On the day after the World Health Organization declared that processed meats cause cancer, I ate two strips of bacon with gusto. I thought at first it was simple childish defiance, a you’re-not-the-boss-of–me moment. But, now I think eating that bacon was my acknowledging the end of a lifetime relationship with America’s favorite food.
What’s weird is that I hadn’t eaten bacon in a really long time. I had decided not eat it after I realized I had a bacon addiction. I used to think nothing of chowing down on several strips for breakfast, followed by a BLT at lunch. Pasta with pancetta was more like a staple that an occasional treat. So I went cold turkey; finally the daily craving stopped and the day came when I could inhale the smell of frying bacon without going into a cold sweat. I knew I had kicked the habit when I could eat a breakfast with an egg without longing for its porky sidekick.
And not a minute too soon. The World Health Organization reported its findings after evaluating 800 studies about meat and cancer. WHO linked processed meats like hot dogs and sausages to an 18 percent increased risk of getting colorectal cancers. Researchers said processed meats were in the same group as asbestos and cigarette smoking. Plus WHO said red meats like steak probably caused cancer, though the evidence is not as strong.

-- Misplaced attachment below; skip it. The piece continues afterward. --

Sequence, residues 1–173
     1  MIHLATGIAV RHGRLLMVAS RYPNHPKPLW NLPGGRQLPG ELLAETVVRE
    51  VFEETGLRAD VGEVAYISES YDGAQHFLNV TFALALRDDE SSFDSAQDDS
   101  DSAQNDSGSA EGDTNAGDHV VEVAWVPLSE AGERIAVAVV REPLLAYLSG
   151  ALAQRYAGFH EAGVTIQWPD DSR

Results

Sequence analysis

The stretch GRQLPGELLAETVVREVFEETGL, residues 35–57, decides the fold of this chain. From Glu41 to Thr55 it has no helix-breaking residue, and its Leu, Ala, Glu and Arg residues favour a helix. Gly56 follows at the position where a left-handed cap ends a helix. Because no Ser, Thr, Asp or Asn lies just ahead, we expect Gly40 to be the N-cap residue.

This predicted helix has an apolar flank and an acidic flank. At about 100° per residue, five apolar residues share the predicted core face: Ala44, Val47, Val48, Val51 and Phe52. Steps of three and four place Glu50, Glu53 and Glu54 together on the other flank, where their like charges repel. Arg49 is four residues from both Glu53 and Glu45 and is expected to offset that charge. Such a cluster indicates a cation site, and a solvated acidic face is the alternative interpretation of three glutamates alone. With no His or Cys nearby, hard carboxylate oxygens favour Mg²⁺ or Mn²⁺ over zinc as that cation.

I come by my carnivorous habits honestly. As a daughter of the South, I grew up on ham, bacon, hot dogs, and baloney. Not to mention the baby back pork ribs, which are the foundation of the deliciousness that is Memphis barbeque. These were everyday foods for us. And I mean every day. Where I come from, a traditional Southern meal is a MEAT and three sides. Nowadays there are people who only eat the vegetable sides, but I note that even today most restaurants season vegetables with ham hock or Tasso. And anyway, what’s red beans and rice without Andouille sausage?
I guess I’m about to find out because deep down I believe these statistics. I don’t want to, but facts are facts. And yes, I read the analysts who say you’d have to eat double cheeseburgers everyday to be at the risk level the World Health researchers link to cancer. And I have to take note of the agency’s research, which reveals Italians eat a lot of bacon but don’t suffer an increased risk of cancer. But, I think I already ate way more processed meat than the bacon loving Italians.
Actually, the WHO report comes as I’ve almost gone totally over to the dark side—the dark leafy green side. I nearly swooned when I sampled the signature dish at a local fancy greens shop—a salad of curried cauliflower, with quinoa and arugula. Better than bacon.
Right about now I hear the screams of my diehard meat -eating friends. They won’t even consider a restaurant if there’s no meat on the menu. No worries. I don't intend to become that insufferable reformist citing the WHO report at every meal. And, be clear, people. I will never give up barbeque.